African leaders yesterday rose in unison to address a plethora of internal system failure which robs the continent a whopping $50 billion annually via illicit financial flows. The leaders and technocrats met in Abuja for the meeting of African Union high level panel on Illicit financial flow from Africa, Chaired by former South African President, Thabo Mbeki.
Speaking at the event, Mbeki emphasised the need to fight the perennial challenge of Illicit Financial Flow (IFF) as it was capable of ruining the continent’s economy.
According to him, African nations need to plug the gaps in system and retain over $50 billion lost to IFF.
He said: “There is [a] need to act on the matter. We as Africans need to do something to retain our funds.
“The decision spelt out by African Union Financial intelligence centre to end the IFF is important. We need to work on our Customs, tax authorities, financial intelligent agencies etc.
“Again, we need to work with the rest of the world to deal with the matter. We need to talk to the European Union (EU), World Customs Organisations, International Monetary Fund (IMF), World Bank, among others.
“These foreign organisations need an annual report to see what we are doing to implement decisions being taken with regards to checking IFF.
“We really need to act on this matter urgently. It’s also good to listen to what Nigeria is doing to check IFF.
Whatever Nigeria is doing will be an inspiration to other African countries.
“Again, there’s need for capacity building for those in financial system. We need to train those who collect taxes, who drive the system, etc. We have capacity constraints and we need to address that. African nations can seek each other’s help in that regard”, Mbeki advised.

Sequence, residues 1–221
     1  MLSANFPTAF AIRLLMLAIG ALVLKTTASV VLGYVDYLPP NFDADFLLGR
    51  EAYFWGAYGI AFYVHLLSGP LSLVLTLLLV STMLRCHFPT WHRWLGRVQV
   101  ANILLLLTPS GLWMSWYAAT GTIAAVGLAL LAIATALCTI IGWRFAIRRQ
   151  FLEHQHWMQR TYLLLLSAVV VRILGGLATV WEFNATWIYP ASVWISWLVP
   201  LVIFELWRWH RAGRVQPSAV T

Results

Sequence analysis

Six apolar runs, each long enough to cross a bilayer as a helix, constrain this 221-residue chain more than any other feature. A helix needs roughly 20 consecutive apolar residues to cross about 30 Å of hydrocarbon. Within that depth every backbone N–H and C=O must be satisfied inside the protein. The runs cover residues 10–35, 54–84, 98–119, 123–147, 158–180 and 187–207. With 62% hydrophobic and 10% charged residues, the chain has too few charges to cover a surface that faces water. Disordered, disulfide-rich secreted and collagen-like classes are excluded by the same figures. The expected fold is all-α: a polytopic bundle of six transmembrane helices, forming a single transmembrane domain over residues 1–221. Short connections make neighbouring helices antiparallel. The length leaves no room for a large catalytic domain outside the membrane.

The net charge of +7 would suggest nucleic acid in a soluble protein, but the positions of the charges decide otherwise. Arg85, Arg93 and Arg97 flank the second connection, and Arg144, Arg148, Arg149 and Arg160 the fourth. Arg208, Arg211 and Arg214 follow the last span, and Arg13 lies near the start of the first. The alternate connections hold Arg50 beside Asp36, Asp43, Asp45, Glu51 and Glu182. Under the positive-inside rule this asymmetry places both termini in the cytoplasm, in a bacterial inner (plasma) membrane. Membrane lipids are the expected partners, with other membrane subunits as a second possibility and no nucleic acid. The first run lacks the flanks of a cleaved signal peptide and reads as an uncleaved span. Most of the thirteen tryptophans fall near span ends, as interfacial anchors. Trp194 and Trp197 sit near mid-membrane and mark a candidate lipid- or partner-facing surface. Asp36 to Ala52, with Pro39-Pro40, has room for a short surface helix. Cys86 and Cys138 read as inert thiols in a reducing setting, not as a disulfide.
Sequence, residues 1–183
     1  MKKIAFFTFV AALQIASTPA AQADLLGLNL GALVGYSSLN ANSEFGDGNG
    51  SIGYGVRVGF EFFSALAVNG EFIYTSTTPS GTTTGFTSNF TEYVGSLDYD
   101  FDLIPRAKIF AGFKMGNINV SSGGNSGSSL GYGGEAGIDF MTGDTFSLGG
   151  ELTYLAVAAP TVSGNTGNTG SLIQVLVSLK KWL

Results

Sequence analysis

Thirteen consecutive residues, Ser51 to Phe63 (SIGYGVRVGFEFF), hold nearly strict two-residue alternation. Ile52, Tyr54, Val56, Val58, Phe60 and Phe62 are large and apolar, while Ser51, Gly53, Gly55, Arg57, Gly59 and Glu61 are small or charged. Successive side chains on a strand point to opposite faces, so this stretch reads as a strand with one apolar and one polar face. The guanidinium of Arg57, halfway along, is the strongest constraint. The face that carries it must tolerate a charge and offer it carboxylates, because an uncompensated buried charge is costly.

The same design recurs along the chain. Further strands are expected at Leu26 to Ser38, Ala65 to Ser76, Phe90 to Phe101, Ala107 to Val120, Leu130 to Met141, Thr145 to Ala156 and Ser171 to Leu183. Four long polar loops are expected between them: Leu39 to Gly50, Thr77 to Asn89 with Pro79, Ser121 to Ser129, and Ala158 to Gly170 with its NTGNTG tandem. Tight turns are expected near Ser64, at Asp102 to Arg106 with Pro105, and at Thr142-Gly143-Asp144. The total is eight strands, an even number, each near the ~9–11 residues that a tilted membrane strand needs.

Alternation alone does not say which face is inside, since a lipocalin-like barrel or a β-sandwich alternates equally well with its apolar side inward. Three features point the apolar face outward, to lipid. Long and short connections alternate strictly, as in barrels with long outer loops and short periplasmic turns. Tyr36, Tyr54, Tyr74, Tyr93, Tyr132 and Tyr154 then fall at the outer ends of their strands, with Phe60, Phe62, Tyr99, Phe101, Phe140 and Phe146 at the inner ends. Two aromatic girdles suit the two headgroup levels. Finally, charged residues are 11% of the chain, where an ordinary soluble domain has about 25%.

Also speaking at the event, the Executive Chairman, Nigeria’s Federal Inland Revenue Service (FIRS), Tunde Fowler, said Nigeria has the highest record of IFF in Africa. He also revealed that the agency was working with relevant anti-graft agencies to check the trend.
Highlighting the benefits of curbing Illicit Financial Flows in Nigeria in particular, Fowler revealed that the “total tax debt recovered From January 2017 to 31st August 2018 is N3,631,949,050, broken down as From Nov 2016 – Dec 2017 Total collected – N1.9 billion From Jan 2018 – Date N1.731 billion.”
With regards to the Issuance of tax notification obligation to Company Income Tax (CIT) Non-Compliant Companies that own properties and Identified Non-Filers for Abuja, Fowler stated that it issued 2,672 Demand Notices; 653 those Now Filing and N2.983 Billion as total payments for Demand Notices for Abuja Properties.
Fowler identified the Component of Illicit Financial Flows in Nigeria to include: Commercial Activities which are illegal flows from business activities that lead to hiding wealth, evading or aggressively avoiding tax, and dodging customs duties and domestic levies; Criminal activities: IFFs are often driven by criminal activities with the purpose of keeping the transactions from the view of law enforcement agencies or revenue authorities.
Corruption: Money acquired through bribery and abuse of office by public officials are enormous and can be used to further develop different projects, and also increase taxation revenue collection.
Earlier in his remarks, Nigeria’s Minister of Justice and Attorney General of the Federation, Abubakar Malami said the federal government created the several machinery including the whistle-blower policy aimed at checking corruption. Sun news